The current situation: Venezuelan refugees and migrants
Amid the ongoing global pandemic, the exodus of Venezuelan refugees and migrants continues to result in unprecedented needs across the Latin America and Caribbean region. Over 5.6 million Venezuelans have left their homes since 2015, with over 4.6 million remaining in the Latin America and Caribbean region. This mass displacement is a result of violence and insecurity as well as a lack of access to food, medicine and essential services inside Venezuela. Countries and communities in the region continue to host Venezuelans as they concurrently face health, social and economic challenges related to the COVID-19 pandemic.
Upon arrival in their new host countries, many Venezuelan refugees and migrants require support, such as access to food, health, shelter, water, sanitation and hygiene, and protection. However, since Venezuelans are not able to return home in the short term, in addition to these immediate needs, Venezuelan migrants and refugees also need help finding employment opportunities, allowing them to contribute to and integrate into their new communities. Assistance in areas such as education, health and access to dignified jobs contributes to reducing risks associated with human trafficking, sexual exploitation, violence and abuse and, in some contexts, forced recruitment into armed groups. Host countries and communities require support to welcome and integrate millions of refugees and migrants from Venezuela into their societies, offering them hope to lead lives of dignity.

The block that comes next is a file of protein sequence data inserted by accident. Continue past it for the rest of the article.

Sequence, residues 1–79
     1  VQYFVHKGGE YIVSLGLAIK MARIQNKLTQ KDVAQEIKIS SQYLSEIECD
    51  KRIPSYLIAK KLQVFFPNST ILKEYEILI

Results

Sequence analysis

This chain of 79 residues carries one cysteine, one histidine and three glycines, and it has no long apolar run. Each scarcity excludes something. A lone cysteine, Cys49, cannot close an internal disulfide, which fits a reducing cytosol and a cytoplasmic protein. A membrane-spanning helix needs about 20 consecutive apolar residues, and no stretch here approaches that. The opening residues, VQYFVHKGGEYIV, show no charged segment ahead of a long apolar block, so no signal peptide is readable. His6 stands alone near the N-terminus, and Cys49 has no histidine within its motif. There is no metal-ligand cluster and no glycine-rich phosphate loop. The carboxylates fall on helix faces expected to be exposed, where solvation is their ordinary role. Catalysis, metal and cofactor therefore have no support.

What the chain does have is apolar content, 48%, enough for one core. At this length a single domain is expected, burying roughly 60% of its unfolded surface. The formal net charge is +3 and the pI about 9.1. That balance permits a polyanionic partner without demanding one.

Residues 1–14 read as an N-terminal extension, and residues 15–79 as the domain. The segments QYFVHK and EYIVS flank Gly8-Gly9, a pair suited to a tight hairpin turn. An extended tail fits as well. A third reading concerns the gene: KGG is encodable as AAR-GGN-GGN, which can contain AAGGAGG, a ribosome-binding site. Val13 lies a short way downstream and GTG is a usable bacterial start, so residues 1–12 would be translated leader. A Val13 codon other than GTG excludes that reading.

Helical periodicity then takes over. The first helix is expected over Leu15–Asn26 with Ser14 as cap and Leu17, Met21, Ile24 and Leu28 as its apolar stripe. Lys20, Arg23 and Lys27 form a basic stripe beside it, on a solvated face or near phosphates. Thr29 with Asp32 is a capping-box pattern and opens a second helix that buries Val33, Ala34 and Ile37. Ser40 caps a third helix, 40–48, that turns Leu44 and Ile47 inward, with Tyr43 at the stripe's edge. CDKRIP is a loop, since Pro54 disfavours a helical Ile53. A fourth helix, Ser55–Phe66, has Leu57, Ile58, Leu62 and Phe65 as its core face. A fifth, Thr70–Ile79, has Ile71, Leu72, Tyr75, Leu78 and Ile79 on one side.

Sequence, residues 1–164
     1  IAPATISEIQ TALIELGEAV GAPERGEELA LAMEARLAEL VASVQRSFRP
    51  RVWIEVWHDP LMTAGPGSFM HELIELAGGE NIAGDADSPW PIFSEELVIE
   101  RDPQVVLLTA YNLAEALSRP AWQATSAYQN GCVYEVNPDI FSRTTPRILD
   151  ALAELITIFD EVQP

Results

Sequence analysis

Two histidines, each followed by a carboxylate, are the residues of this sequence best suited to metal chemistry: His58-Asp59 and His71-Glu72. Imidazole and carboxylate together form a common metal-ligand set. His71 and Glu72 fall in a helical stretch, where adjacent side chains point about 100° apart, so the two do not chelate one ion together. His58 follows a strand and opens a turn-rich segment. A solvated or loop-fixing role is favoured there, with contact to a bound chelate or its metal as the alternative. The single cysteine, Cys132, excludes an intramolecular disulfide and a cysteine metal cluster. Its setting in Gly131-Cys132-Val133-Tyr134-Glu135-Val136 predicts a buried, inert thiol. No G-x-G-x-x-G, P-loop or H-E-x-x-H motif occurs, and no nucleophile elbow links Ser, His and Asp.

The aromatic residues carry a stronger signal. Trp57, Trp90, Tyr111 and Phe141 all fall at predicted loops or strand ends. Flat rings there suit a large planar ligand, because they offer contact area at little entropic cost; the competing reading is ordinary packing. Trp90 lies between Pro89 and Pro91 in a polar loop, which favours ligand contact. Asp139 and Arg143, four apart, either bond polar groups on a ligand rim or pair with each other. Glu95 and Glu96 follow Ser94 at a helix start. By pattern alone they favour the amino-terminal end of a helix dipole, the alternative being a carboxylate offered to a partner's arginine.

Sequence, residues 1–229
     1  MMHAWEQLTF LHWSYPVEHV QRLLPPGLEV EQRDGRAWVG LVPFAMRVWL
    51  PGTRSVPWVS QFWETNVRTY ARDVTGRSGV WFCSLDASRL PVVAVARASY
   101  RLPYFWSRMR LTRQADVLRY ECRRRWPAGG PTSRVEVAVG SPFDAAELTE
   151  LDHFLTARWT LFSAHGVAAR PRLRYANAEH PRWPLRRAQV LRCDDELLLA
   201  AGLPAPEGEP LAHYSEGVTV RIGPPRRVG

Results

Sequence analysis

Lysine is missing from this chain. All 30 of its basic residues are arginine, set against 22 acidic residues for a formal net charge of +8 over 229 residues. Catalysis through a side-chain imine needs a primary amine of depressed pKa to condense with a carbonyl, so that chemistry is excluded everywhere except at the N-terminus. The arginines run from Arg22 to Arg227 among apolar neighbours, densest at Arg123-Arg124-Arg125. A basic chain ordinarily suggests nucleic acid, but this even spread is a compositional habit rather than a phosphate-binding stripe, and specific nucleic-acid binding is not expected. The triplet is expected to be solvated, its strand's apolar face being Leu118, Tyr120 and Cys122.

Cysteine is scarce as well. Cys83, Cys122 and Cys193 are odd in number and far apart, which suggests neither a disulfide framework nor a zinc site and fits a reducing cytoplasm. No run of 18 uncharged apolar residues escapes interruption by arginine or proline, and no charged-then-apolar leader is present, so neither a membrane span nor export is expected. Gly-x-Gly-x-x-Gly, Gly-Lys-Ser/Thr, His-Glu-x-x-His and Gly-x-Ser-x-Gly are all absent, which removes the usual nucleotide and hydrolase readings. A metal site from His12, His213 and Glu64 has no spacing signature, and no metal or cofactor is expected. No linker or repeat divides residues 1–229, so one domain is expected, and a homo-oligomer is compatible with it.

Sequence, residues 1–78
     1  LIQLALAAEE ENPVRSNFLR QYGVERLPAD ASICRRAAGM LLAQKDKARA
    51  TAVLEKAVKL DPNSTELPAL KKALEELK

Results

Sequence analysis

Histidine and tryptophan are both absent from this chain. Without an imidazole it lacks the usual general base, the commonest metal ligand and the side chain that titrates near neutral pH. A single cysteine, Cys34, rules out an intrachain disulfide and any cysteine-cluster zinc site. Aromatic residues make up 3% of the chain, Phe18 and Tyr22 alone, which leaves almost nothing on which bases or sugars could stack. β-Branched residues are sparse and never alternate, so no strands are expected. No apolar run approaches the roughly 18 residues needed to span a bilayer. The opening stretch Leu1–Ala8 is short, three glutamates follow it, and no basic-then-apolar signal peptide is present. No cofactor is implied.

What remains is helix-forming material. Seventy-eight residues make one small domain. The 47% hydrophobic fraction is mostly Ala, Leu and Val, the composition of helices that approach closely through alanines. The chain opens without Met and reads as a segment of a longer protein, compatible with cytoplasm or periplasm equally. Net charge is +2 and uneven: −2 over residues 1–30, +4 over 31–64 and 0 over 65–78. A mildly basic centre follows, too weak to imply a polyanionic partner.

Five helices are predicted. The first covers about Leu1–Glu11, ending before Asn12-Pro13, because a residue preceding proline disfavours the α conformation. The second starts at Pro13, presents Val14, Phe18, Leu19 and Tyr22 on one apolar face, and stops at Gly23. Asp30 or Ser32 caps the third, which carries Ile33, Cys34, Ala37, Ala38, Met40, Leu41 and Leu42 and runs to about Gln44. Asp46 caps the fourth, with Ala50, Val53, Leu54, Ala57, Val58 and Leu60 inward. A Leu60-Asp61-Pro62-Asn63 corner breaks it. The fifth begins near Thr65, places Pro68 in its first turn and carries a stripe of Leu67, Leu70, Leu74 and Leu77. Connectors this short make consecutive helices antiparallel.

Since 2019, Canada has committed $86 million in humanitarian, stabilization and development assistance to help respond to the impacts of the Venezuela crisis. This includes $38 million in gender-responsive humanitarian assistance funding to help meet the immediate needs of people affected by this crisis, both inside Venezuela and in neighbouring countries.
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